Again for those who haven't read it......when 3 average to good golfers hit shots on a green to within 30 feet and not one of us can get those putts within 10-15 feet of the cup is there something wrong with a. The design of the green(contours), the green speed or where the hole was cut? NOTHING TO DO WITH BEING UNFAIR! where did i mention that Kyle? Unfair is where some clown builds a cart path 4 feet from the edge of a green that you cannot see and your ball pitches on it and goes out of bounds!!!!! And even that is not really unfair just crap design again. When you tee it up at a resort course (where many people will ever play only once, therefore you dont know the green complexes precisely), and three of you hit good shots and three putt from reasonably close....i dont think it is unfair - i think it is crap design and/or poor course set up. The agronomy/green speeds/course set up are equally as important as course design and can add to up to ruin a great golf course design. Again.....NOTHING TO DO WITH BEING UNFAIR! Wow!!!!!!! I have played golf for 32 years Kyle and have rarely if ever called something unfair. I have hit crap shots that deserved bad results and i have also seen a lot of good/bad course design that doesnt make for unfair golf......and i am a little miffed you associate me with unfair. My question had zero to do with that.
Living The Dream in The Palm Beaches....golfing, yoga-ing, horsing around and working damn it!!!!!!!

Adam Clayman

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Re: Sense of Sporting Fairness: Learned or Innate?
« Reply #11 on: November 08, 2011, 10:33:49 AM »
Fairness in golf is contracted, like a disease.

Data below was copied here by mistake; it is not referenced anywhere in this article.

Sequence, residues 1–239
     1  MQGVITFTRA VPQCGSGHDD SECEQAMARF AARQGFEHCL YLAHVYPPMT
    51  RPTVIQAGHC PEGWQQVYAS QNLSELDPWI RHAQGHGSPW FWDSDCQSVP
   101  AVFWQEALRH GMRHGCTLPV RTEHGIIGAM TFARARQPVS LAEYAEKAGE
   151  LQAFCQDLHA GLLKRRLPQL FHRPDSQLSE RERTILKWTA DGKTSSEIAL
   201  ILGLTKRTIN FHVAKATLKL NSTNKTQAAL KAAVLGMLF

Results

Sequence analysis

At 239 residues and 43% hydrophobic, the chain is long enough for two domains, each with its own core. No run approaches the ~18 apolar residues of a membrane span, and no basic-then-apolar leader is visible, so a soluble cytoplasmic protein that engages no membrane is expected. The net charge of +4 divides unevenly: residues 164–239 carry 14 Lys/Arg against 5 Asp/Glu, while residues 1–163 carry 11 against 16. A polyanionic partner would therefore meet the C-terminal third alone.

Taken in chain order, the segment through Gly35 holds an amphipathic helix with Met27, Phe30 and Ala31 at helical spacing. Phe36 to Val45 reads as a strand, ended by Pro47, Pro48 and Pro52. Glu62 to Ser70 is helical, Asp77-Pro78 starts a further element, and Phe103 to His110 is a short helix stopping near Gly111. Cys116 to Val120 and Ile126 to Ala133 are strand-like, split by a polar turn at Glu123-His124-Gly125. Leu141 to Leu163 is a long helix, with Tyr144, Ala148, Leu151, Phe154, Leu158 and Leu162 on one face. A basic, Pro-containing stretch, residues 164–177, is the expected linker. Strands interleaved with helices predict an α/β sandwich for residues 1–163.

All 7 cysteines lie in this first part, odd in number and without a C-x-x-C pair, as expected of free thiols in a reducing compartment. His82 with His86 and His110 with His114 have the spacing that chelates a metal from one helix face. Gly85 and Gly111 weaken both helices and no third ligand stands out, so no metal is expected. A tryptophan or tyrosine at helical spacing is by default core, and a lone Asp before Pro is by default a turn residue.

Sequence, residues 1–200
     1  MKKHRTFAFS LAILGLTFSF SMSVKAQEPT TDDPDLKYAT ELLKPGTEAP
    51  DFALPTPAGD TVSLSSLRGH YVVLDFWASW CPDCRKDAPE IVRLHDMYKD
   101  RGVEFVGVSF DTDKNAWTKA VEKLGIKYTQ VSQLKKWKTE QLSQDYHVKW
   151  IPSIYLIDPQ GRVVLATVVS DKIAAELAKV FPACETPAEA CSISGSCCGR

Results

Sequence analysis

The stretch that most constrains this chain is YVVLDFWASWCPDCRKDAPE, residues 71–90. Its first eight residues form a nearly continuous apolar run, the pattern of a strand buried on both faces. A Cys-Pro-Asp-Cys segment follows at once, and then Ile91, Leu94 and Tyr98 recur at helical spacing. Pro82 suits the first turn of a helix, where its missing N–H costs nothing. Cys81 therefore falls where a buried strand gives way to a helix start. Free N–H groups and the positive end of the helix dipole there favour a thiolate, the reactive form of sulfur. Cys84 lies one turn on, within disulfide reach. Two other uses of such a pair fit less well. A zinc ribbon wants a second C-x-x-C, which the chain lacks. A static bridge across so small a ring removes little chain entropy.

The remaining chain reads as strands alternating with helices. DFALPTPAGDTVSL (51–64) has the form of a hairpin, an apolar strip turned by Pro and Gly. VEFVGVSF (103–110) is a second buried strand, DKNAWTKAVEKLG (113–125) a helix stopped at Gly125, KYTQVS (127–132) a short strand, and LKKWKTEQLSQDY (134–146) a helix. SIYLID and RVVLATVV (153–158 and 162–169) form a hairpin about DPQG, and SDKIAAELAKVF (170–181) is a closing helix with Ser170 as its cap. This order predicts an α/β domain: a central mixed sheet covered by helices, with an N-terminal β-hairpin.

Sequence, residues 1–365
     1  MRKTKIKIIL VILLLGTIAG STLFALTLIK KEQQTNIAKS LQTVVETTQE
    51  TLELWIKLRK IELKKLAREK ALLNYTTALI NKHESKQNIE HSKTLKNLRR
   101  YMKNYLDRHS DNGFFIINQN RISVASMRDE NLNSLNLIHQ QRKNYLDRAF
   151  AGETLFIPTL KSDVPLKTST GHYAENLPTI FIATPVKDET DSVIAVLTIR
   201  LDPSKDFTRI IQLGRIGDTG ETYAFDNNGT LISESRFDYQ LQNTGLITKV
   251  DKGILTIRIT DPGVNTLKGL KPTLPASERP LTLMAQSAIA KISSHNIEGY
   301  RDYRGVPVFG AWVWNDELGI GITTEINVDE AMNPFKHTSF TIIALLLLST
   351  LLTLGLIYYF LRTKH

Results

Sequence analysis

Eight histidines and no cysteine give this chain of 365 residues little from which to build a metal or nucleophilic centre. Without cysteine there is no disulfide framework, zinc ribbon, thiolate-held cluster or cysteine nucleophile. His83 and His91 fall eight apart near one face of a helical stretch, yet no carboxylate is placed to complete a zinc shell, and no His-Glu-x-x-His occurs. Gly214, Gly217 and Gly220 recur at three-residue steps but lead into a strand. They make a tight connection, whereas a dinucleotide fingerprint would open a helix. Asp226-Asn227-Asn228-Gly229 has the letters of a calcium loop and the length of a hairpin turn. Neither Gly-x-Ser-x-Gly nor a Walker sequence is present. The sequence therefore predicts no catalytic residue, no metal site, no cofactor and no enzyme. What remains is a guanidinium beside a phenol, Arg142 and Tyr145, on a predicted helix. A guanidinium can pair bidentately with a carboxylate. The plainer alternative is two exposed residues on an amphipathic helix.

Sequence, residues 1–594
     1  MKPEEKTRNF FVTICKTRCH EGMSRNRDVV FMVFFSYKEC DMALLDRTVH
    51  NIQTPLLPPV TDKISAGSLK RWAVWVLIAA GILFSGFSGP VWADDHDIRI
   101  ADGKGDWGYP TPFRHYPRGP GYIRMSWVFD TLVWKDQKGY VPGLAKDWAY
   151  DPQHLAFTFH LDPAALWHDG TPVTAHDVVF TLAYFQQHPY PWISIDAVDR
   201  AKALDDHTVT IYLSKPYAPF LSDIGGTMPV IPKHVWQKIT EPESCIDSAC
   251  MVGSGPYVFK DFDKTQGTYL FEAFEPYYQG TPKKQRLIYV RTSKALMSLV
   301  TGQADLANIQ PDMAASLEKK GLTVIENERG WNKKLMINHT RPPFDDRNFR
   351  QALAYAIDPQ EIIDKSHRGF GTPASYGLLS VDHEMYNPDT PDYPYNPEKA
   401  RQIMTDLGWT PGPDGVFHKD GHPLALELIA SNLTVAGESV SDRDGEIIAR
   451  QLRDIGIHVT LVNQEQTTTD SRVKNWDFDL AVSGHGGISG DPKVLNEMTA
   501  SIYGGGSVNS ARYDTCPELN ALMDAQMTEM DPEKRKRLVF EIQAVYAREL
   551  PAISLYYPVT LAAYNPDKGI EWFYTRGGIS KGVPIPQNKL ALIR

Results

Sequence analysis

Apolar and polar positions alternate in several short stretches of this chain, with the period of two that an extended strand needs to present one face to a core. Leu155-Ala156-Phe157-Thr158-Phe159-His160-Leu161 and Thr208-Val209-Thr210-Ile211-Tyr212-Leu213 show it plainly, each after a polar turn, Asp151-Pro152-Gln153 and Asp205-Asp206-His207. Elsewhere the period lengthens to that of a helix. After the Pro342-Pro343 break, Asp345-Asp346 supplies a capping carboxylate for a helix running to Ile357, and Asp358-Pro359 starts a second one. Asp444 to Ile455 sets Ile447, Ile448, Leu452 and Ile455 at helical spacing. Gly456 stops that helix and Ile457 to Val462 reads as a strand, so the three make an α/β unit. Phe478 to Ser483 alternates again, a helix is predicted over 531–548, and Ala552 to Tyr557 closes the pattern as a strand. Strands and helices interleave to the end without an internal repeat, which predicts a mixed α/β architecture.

The fact that a specific pin position is too severe is the function of two factors. The speed and slope. 

This fascination with faster greens speeds has a downside and it's this disease.
"It's unbelievable how much you don't know about the game you've been playing your whole life." - Mickey Mantle

Eric Smith

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Re: Sense of Sporting Fairness: Learned or Innate?
« Reply #12 on: November 08, 2011, 10:52:10 AM »
 ??? ;D Fair is the F word.

When I was 16 I fired a career low 76 in my High School District Championship and was immediately directed to the 1st tee for a playoff with two other players who were much more accomplished golfers than I...but I was ON. 8) I crushed my 5 wood off the tee beyond their drives and we we were off. I was so jacked up that when it came my time to play my second, from right at the 150 marker, I hit my 8 iron and completely airmailed the green into a drainage ditch. :o :-X Three hack-outs later I'm left to walk in defeated. Crushed. Crashed.  

Not fair (!!), or something like that, was my feeling at the time. Why, God, why, did you invent adrenaline?? My dad was there, and as we walked back to the clubhouse he said to me, 'son, life isn't always fair'. It took me a while to get over that, to learn from the experience, but, like all things, I did eventually.

I think the game of golf is exactly like life and that is one of its greatest attributes. So for me, the answer to the question would be - learned.
« Last Edit: November 08, 2011, 10:53:42 AM by Eric Smith »

Lou_Duran

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Re: Sense of Sporting Fairness: Learned or Innate?
« Reply #13 on: November 08, 2011, 11:08:14 AM »
The age old question of heredity vs. the environment.  I vote mostly for the former, though the latter has large impact on how we look at the world.

Living organisms of all types seek to survive and multiply.  Our wiring dictates that a rub of the green in our favor is perceived as either the result of good architecture that we recognized and took advantage of with proper execution, or as a well-deserved break/"what makes the game so enticing".  Against us, it is poor design, bad maintenance, stupid course set-up, or an undue lucky break benefiting our opponent.

Typically, most of us have the reasonable expectation that our actions are more or less closely related to the results we get.  The word "reasonable" is the key here, and, unfortunately for many, it is too conditional for their comfort.  For example, if I hit a flop shot on a parkland golf course after some rain, it may not be unreasonable to expect that the ball may hit the fringe and stop (as it did to me on #15 at Providence GC at the DC).  In many cases, that was the shot- just not under those conditions.